Surprised much? Well, you shouldn’t be. Given the kind of negative global media reportage and conjecture over women’s security in India, it is not really surprising that women from around the world are shying away from visiting our country which has always (at least on paper) believed in the concept of ‘ Athiti devo bhava’, which translates to our guest is like our God.


However, this time the Indian image has taken a serious hit as a ‘white female scientist from Canada’ as she puts it, is considering a research position in Bangalore but is developing cold feet at the thought of spending time in India. Taking her apprehension to the Internet, this woman has openly asked locals from India for ‘unbiased advice’ with a detailed post on Reddit.

Here’s what she posted:


For ease of perusal, here’s the text of the post:

“Hello all. First off, thanks for taking a look at my wall of text, and I’d like to apologize in advance for any of the unfair portrayals of India that are summarized below (all paraphrased from travel blogs/media articles). Having said that, I’m going to be entirely blunt with you, because I think it’s important that I represent myself and my concerns honestly. So without further ado, here’s the deal: I’m a single, white female considering a research position in Bangalore, however I’m finding it rather difficult to get an accurate sense of what I could expect if I were to move there. Most media representations of women’s safety and freedoms-even in Bangalore-seem bleak as hell. Given the level of negativity, I honestly can’t tell how much to believe and how much is being vastly distorted by Western media in an effort to rile up the viewers. Much of what I’ve read seems too extreme to be true and I’m hoping that some honest, first-hand advice from your sub can help me cut through the BS (without whitewashing the cultural differences that are genuine and important for safety). For instance, many of the articles would lead you to believe that if you’re a Western woman: You can expect to be regularly harassed, groped, screwed over by rickshaw drivers, and coaxed down dark alleys by thieves. Leaving your apartment between dusk and dawn couldn’t be more dangerous if you were in a Quentin Tarantino movie. Engaging men in conversation, or even smiling at them, implicitly encourages harassment (basically, either you must act like a bitch or you’re propositioning strangers for sex). Western women are generally considered sluts, and if I drink or smoke I’m doubly damned. If I do decide to engage in a sexual relationship and it becomes public knowledge, it will offend or incite harsh judgement from others and confirm all the worst stereotypes about loose Western women. Now for an honest self-assessment: I am very much your typical Canadian city chick. I drink heartily and hang out with friends of both sexes in groups and one on one until the early hours of the morning on a regular basis. I’m quite confident, cheerful, and friendly with strangers. Nobody has ever accused me of being meek, though, and I’m intolerant of assholery. I am polite by default, but generally very casual in my interactions with others. I dress fairly modestly by Canadian standards, although I’m perfectly happy to wear whatever is culturally appropriate. I would be seriously disappointed to discover that I have to limit most of my interactions to one gender, and it’s even odds that if somebody grabbed my ass in a crowd my reflexive response would be to boot them in the nads. I am also not at all used to dealing with sexism in the workplace or in public, and am unlikely to respond well to it. I live in an extremely safe city and, as a result, probably have underdeveloped street smarts. So, on a scale of 1 (totally untrue) to 10 (completely true) how accurate are all of these “warnings”? Also, what are your best tips to ensure that both I and those I meet have the best possible interactions with one another?”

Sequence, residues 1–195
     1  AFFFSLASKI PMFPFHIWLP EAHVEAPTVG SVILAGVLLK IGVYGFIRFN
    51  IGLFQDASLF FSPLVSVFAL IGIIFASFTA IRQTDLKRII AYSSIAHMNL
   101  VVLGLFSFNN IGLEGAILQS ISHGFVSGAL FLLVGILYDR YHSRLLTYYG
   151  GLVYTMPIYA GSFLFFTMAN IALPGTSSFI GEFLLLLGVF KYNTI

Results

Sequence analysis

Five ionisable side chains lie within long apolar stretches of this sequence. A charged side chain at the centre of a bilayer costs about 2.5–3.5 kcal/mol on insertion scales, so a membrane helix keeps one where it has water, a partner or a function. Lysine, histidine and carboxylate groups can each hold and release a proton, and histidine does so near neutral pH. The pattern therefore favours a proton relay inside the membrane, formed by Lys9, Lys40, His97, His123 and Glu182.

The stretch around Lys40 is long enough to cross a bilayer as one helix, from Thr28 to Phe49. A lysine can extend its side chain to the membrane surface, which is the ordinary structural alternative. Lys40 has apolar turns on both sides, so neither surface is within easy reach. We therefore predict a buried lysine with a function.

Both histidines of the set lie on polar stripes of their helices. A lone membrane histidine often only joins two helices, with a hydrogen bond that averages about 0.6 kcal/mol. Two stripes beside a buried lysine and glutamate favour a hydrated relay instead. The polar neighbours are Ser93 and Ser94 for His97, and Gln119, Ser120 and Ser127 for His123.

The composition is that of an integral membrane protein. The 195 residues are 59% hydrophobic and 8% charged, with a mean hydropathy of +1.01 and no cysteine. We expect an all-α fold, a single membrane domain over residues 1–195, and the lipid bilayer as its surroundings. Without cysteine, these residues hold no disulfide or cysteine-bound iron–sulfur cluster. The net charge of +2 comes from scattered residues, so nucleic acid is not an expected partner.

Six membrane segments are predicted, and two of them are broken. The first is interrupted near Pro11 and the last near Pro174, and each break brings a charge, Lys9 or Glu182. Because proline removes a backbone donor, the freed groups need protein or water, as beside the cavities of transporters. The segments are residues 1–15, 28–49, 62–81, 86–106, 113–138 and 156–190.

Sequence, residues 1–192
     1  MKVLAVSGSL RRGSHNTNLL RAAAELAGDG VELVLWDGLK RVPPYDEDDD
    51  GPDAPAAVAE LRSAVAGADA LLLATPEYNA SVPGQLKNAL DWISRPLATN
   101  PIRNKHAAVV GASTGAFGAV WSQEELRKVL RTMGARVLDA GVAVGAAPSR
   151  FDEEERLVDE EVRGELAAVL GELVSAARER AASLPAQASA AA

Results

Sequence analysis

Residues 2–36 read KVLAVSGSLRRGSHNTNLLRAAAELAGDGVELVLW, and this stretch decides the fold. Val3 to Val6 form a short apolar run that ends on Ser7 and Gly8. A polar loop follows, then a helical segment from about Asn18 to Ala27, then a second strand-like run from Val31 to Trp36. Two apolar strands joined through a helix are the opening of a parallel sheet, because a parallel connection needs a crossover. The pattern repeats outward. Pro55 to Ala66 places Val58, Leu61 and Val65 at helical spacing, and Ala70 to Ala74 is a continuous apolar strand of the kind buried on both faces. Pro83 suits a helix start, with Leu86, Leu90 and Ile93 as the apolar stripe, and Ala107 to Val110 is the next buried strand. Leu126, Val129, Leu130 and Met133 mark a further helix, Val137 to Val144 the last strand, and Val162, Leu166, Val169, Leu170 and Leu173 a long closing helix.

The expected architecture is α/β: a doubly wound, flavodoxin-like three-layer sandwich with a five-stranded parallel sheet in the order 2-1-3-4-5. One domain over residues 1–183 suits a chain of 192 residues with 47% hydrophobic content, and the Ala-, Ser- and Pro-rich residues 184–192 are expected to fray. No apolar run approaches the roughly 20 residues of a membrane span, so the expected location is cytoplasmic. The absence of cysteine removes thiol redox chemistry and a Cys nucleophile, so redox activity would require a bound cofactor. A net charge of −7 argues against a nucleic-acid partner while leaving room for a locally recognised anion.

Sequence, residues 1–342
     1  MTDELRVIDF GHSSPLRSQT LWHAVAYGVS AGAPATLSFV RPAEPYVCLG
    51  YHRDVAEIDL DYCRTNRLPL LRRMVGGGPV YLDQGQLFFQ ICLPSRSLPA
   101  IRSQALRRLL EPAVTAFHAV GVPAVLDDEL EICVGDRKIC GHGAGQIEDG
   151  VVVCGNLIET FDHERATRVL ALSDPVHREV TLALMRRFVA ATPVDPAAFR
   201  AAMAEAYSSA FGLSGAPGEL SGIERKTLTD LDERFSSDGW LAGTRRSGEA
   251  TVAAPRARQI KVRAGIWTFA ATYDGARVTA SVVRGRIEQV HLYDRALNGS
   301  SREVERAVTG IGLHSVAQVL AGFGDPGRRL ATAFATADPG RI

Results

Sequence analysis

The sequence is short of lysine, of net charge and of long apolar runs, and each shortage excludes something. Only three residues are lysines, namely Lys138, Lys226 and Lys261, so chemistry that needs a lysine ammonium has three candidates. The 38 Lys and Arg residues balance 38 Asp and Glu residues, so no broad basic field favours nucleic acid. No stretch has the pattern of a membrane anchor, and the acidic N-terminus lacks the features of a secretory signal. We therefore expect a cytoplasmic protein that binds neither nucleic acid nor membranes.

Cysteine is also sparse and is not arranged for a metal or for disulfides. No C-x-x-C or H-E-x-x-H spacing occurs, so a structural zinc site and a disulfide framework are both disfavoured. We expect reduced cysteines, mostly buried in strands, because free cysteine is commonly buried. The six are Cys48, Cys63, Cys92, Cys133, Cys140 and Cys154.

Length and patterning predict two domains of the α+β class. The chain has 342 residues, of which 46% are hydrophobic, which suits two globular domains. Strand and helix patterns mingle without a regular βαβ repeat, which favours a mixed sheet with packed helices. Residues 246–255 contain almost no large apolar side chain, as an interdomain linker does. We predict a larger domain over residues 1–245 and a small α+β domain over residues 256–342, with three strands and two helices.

Feeling bad about the post? Help the scientist get her facts right here .